Russia has sprawling network of sleeper agents in UK who could KILL on command, warns ex-MI6 agent | The Sun

RUSSIA has a sprawling network of sleeper agents in the UK who could kill on command, an ex-MI6 agent has warned.

Former spook Julian Richards said Moscow has become so effective at spying in Britain that intelligence agencies "don't know" just how many rogue operatives are active in the UK.

The warning comes as suspected Russian spies Sergey Skvortsov and his wife Elena Koulkova were arrested in Sweden.

The couple were well known, well liked, happily chatted with their neighbours – only to be swooped by elite cops in two Black hawk helicopters.

Both are believed to have been acting as spies for Putin for the better part of a decade – hiding in plain sight as regular every day citizens.

Putin is said to be obsessed with sending spies into regular civilian roles with aim of draining the West of critical commercial secrets.


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In fact, so high is the threat of infiltration that former CIA and MI6 officers have warned Brits to watch over their shoulder amid fears hundreds of Putin's goons are infiltrating the UK.

"Either they’re very, very good at it, in which case there could be a lot of them out there that we just don’t know about," Prof Richards told The Sun Online.

"Theoretically they could assassinate someone, if they needed to. This is where the Skripal case is interesting and the Litvinenko case before it. It was the GRU – military intelligence – that was exposed as being involved."

Known as 'Illegals', these spies spend years blending into normal civilian life and take up regular jobs in critical industries like national defence with the aim of manoeuvring themselves into positions of "access".

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And the UK, according to Prof Richards, is high on their radar.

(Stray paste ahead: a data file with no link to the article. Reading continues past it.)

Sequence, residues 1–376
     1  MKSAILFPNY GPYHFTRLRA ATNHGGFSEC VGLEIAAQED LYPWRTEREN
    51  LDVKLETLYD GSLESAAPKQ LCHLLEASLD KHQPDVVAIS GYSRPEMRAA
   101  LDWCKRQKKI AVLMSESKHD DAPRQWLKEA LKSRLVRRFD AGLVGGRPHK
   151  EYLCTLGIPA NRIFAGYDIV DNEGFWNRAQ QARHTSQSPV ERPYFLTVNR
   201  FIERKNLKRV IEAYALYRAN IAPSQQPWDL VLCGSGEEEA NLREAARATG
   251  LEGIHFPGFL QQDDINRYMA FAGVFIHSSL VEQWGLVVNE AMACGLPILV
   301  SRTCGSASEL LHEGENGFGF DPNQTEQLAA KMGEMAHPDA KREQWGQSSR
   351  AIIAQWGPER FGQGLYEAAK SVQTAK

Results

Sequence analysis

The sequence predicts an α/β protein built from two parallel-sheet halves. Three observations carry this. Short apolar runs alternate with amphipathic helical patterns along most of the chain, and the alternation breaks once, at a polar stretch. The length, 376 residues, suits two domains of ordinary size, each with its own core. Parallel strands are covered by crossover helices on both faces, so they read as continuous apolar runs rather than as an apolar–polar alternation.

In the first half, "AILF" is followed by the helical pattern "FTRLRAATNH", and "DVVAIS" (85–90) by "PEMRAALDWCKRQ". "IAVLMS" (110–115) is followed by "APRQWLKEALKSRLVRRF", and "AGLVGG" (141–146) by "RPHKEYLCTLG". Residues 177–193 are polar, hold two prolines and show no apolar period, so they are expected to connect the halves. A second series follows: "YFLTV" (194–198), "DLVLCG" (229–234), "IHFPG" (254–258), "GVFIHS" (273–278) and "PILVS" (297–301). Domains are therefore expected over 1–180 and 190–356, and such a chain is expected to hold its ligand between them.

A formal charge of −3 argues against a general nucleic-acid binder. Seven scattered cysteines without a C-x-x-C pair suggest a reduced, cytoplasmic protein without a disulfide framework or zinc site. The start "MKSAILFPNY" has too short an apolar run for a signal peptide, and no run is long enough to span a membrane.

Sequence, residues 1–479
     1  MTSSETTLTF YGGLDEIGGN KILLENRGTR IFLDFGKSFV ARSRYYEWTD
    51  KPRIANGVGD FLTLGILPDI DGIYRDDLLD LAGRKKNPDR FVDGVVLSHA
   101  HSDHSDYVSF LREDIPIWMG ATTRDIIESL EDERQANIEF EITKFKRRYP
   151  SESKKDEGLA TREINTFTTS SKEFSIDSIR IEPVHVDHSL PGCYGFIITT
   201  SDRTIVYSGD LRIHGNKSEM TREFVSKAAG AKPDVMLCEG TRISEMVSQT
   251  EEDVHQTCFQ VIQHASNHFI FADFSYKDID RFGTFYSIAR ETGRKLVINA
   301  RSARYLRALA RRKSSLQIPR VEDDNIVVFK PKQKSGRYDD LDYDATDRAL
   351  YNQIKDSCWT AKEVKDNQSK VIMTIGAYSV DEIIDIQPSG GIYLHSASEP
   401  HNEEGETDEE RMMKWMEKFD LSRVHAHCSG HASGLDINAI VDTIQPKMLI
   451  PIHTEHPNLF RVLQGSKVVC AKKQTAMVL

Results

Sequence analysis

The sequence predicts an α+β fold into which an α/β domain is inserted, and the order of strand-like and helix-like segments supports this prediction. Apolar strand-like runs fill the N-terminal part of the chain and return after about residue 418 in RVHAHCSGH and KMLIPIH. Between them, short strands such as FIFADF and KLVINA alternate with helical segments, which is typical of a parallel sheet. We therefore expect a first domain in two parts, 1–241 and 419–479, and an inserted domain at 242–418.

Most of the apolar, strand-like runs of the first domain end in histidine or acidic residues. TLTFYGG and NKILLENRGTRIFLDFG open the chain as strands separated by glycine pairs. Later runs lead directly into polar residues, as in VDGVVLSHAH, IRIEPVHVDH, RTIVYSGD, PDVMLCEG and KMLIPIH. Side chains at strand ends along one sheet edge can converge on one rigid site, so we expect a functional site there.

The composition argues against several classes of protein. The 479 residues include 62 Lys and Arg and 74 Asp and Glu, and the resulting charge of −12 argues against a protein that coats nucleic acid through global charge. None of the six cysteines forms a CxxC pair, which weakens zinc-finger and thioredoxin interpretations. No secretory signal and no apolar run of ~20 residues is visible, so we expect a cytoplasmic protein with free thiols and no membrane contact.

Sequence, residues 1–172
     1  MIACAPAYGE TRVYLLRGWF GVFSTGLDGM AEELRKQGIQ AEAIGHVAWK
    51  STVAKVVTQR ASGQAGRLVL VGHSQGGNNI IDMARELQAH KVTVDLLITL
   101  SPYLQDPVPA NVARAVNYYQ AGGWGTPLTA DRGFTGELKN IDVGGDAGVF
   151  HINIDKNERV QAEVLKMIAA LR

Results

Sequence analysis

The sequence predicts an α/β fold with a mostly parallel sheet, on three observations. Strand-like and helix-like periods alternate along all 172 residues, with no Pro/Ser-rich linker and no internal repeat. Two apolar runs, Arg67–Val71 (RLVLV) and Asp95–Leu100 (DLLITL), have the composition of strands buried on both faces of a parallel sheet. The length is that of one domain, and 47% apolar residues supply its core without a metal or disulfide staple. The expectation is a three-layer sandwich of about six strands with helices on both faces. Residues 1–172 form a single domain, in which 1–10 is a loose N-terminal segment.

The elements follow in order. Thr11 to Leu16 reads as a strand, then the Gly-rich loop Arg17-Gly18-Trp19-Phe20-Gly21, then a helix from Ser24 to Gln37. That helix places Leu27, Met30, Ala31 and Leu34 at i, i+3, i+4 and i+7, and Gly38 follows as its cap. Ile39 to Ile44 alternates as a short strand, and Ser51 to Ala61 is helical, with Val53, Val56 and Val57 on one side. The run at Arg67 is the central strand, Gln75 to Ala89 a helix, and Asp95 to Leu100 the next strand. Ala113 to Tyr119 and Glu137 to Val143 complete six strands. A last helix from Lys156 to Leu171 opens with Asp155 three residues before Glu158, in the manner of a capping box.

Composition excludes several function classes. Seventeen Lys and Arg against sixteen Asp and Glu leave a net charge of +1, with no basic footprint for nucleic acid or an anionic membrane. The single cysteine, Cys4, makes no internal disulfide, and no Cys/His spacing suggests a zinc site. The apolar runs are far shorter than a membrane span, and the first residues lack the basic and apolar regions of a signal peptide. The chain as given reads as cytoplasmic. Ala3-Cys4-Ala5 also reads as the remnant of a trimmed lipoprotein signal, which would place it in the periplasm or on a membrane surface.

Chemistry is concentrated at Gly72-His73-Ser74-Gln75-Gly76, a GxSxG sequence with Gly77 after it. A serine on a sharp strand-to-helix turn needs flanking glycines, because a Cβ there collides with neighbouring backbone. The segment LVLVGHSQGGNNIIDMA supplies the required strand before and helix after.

"We know that the UK has always been a particular target for the Russians," explained Prof Richard.

"They know that we’re potentially a very useful connection into the American intelligence system."

"That was the logic of the Cambridge spies. That worked beautifully well because weren't only an important intelligence player ourselves but we were also a very, very close intelligence ally, and that’s the potential – a sort of ‘back door’ into American intelligence."

He said these 'invisible' spooks are trained to infiltrate commercial companies providing services to host governments like British Aerospace.

They often start off in menial jobs and make their way up the ladder, sometimes using blackmail and bribes along the way.

Though the threat remained low and their use largely expensive and ineffective, their real impact can be hard to gauge.

"Either it’s a big problem and we don’t have an idea of the scale of it and how many are out there, but I think it’s more likely it’s not that big of a problem, and because they are so difficult to do, there probably aren’t many of them out there.

"But there are some, particularly in the UK."

Former CIA case officer Robert Baer said Russian 'illegals' could be employed in a company for years before becoming 'operational'.

"What you want with an illegal is someone not under surveillance," he told us. 

"You can use them for spotting reports. That’s when you find someone like a Pentagon officer, or a State Department officer, and then you look at who seems interesting, who’s going into an interesting job, and you tell Moscow and maybe later on someone posted overseas will approach them."

Among their dirty bag of tricks is luring persons of interest into an affair and using it against them.

Also known as Kompromat, this is a well-oiled technique was used in the KGB and its modern equivalent, the FSB.